What does a desi feminist look like? According to Sweety and Pappu, creators of the podcast Chuski Pop, she is a little bit like them: “Two desi girls riding the fourth wave of feminism in our salwar kameez and golden heels, while flipping the bird to uncles and aunties.”
The description marks all that desi girls on the internet share: independence, fluid identities, diverse interests, a unique and original voice that is feisty and stylish. Desi girl humour has a culturally-specific punch (most recognisable in the art of hatecopy or Pakistani Martha Stewart) and usually refers to shared instances of patriarchy (aunties who tell them to cover up or sleazy uncles who stare too hard). Pop culture, usually Bollywood, also provides a shared context. Finally, desi girls, as opposed to bharatiya naris, or the traditional Indian woman, are not afraid of talking about sex.
Chuski Pop embodies all of this and the idea that no matter where a desi girl lives, she thrives online. Much in the way that early internet blogs and later, YouTube channels, offered creators a way to make media for culturally and racially diverse groups have widened the platform for young women to engage with culture on their own terms. This lets them produce a narrative, instead of merely consuming what the mainstream tells them about themselves.
As young girls of Indian origin, who spent some part of their lives in the Middle East, Sweety and Pappu became accustomed to being identified in the same social or racial club with other young women who were Pakistani, Bangladeshi, or Sri Lankan. It didn’t matter how different they felt from one another, to outsiders, they were all brown. It was through this external identification that they began to consider what desi really was: a shared history, shared experiences, and an opportunity to create a community of brown power.
Chuski Pop was born of a political and personal struggle for identity. In the summer of 2014, Sweety, a 33-year-old graphic designer, wanted a creative project that would distract her from the loneliness and draining professional routine of a new job in a new country. After two years and a couple of false starts, she was joined by her best friend, 31-year-old copywriter, Pappu, and finally began Chuski Pop in August 2015. Like every aspect of the podcast, the name of the show was carefully selected—the two considered various other names, like Kiss My Chuddies and Wheatish is the Way to Go, but settled on Chuski Pop instead.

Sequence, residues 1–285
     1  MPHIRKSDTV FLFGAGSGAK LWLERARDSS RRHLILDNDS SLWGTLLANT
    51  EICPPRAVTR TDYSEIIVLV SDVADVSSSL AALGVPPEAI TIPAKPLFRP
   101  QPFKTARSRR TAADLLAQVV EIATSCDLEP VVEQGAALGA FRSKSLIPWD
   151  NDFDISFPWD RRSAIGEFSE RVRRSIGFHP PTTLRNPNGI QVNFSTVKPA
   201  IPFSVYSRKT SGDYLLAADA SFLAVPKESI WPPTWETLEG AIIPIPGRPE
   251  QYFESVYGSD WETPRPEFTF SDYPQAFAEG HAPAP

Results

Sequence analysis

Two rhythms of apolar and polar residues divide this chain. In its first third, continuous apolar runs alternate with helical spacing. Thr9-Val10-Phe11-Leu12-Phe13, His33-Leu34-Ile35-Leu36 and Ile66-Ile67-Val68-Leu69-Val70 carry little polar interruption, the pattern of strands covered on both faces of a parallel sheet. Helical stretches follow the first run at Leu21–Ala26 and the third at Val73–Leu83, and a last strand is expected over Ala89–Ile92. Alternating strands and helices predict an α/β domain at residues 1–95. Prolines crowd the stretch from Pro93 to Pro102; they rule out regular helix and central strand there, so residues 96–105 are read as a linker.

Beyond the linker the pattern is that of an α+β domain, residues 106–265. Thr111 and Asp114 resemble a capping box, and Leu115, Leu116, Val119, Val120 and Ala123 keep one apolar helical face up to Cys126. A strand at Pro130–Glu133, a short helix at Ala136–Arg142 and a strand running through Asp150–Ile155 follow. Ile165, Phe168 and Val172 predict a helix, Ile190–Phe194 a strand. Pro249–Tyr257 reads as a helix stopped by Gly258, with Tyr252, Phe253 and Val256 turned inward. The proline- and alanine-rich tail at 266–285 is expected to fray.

“To me, Chuski Pop represents childhood nostalgia,” Pappu said. “But in the hands of a precocious Lolita, it turns into something dangerous and suggestive all because in our primarily patriarchal society any phallic-shaped fruit or food can mean only one thing. I imagine myself and Sweety as precocious Lolitas sucking hard at our kalla-khatta and kachi-keri flavoured golas, giving zero f**ks but plenty of death stares to tharki uncles.”
Sweety, who came up with the name, agreed. “Yes, it’s supposed to be sexual and suggestive because I wanted to take the sexual narrative back into the hands of desi women.”
Like several other desi feminists, their outspokenness online is a direct consequence of how much they must censor themselves in real life. Sweety and Pappu never use their real names on the show, or for interviews, because they are afraid that their political opinions might endanger their families—some of whom still live in the Middle East, near violent and conservative neighbours. At present, the podcast is available on apps like iTunes, Stitcher, and SoundCloud.
While both Sweety and Pappu enjoy the work of white feminists like Lena Dunham and Amy Schumer, they are more inspired by brown women like Lily Singh aka Superwoman, who created a career on YouTube by owning her desi-ness, or Rupi Kaur, a young woman whose poetry is universal enough to be shared by anyone, yet profound for its specifically south Asian context. Drawing anecdotes from Bollywood, adding phrases in Hindi, the women discuss issues that one would understand only if one grew up in a desi household—family pressure to try out matrimonial websites, bizarre experiences with meeting people on dating apps, beauty parlour ladies who tell you your skin is “too tanned,” the culture shock caused by live-in relationships or dating people of different ethnicities.
Pappu and Sweety do not mind being compared to these women, in fact, they congratulate themselves for it. Chuski Pop, like Lily Singh’s comedy or hatecopy’s art, is part of a global effort to create an exclusive desi club, which celebrates the aspects of desi-ness that brown women once felt ashamed of while growing up.